Winter Wren
Carolina Wren
Marsh Wren – new!
Northern Mockingbird
European Starling
Song Sparrow
White-throated Sparrow

Congers Lake Memorial Park:
1 Ring-billed Gull
7 Mallard
6 Common Mergansers
1 Red-tailed Hawk
1 Song Sparrow

Mistaken Identities

I wanted to take a second opportunity to photograph/identify the white-backed duck I saw at the Pier yesterday, so following work I raced the setting sun back to Piermont to see if I could locate them.  As I was headed up Ferry Rd, a birder with binoculars wrapped around her neck peered at me as we passed.  After the third glance she apologized, saying I looked like someone she knew.  I paused to ask her what she saw on the water.  She mentioned canvasbacks and mergansers.   As I didn’t have either on yesterday’s list, I was excited to get going.    I stopped at the area where I had seen the scaups yesterday, camera in hand, to take a closer look. Lo and behold, they were not scaups, but canvasbacks.  Today, the coppery color of the head was much more evident as was the slope from head to bill.

I’m fairly excited by the canvasbacks because (1) they are a new species for me.  (2) they are the first NJ species I “identified” by myself.  Yes, the woman mentioned there were canvasbacks, but she didn’t point to them as proclaim them canvasbacks.  I’ve semi-successfully birded in Costa Rica (twice) and SE Europe, but those were more exercises in walking around in perplexity.

100 Canada Geese
30 Mallards
30 Ruddy Ducks
2 Buffleheads
200 Ring-billed gulls (Yes, I counted.  I got 197 and rounded/gave up).
74 Canvasbacks

Walking the Pier

Last night after work, I drove down to Piermont, NY and walked along “the Pier” as it’s called for a bit of birding. I’ve been focused on my ducks lately and thought it would be a good place to test my skills.  I had a very good hour of birding in the last light!  The tide was coming in and near high tide; most of the birds were south of the pier.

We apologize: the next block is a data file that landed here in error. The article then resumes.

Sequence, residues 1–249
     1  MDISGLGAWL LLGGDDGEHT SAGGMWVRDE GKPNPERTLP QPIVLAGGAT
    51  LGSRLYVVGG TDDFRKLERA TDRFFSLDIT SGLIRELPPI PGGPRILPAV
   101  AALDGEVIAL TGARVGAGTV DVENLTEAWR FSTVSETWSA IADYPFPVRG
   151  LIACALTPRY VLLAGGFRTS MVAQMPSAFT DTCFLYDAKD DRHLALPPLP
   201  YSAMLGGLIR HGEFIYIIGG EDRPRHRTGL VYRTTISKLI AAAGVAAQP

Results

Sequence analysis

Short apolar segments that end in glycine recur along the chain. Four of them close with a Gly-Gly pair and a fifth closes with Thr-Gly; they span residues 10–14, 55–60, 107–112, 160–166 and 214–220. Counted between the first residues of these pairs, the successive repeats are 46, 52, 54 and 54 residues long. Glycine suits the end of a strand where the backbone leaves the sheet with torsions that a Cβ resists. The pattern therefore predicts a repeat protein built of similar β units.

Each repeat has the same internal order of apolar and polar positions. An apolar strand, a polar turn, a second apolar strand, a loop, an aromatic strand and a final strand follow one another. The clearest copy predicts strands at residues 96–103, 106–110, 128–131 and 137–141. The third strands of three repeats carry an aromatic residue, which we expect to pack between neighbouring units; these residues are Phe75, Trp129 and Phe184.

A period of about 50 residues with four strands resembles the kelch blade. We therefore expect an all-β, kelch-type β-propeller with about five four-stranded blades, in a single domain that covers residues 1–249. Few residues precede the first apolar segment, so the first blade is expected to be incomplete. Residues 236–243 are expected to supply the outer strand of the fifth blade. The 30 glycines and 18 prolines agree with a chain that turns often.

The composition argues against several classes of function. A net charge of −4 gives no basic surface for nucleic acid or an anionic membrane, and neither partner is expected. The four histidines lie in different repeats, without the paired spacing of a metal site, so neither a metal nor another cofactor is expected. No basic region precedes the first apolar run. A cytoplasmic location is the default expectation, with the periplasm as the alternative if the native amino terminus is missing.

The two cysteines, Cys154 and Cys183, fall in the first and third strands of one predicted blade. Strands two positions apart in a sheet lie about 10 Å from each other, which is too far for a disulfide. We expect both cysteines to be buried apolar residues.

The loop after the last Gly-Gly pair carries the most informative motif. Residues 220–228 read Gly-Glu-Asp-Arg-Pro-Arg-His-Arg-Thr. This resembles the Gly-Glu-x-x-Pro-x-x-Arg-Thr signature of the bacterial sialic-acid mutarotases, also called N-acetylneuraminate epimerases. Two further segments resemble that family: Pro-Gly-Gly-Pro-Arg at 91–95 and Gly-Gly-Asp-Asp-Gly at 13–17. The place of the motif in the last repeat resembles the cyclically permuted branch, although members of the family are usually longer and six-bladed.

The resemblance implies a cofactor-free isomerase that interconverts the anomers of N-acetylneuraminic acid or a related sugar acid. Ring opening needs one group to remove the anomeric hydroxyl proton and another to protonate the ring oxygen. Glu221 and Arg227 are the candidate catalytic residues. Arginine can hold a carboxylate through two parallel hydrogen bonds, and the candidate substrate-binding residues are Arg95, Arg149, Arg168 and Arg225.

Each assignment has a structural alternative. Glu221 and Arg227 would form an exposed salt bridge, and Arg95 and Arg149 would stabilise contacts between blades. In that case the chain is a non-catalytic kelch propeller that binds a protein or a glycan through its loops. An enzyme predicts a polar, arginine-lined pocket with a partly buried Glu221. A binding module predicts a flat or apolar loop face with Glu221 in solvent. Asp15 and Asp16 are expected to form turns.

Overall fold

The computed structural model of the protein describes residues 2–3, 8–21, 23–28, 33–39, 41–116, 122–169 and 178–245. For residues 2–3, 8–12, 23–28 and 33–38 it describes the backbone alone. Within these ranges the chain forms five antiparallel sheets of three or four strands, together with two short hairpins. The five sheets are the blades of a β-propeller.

120 Canada Geese – (est) they were along the marsh in Tallman.
1 American Black Duck
20 Mallards (north side of the pier, nestled in the shore)
4 Bufflehead
20 Ruddy Ducks
50 Ringbilled Gills
3 Mourning Doves
1 Downy Woodpecker
60 Lesser Scaup Canvasbacks

At least that’s my best guess.  I had seen Lesser Scaup last week at Round Valley. These were either Lesser or Greater Scaup.  They had the dark head with the lighter body and were diving.  Without the use of the Internet, ebird or my bird book I was able to get it to Scaup.  At the time I didn’t know to look at shape of the head for distinguishing between Lesser or Greater.    I forgot I had my camera with me until it was too dark to photograph them.    When I returned home, I hoped ebird could shed some light, but no one had reported scaup recently, and definitely not in the area of 60!   But that was a count not an estimate.


View south from the Pier towards NYC.

The Ruddy Duck ID almost fooled me.  I had the white check patch – which in comparison to the scaups I had just seen, it’s more like a white jaw patch (ignoring the fact that the jaw is really the bill).  But they were floating in a raft of 20, and towards the edge of the raft I caught sight of the longer tail.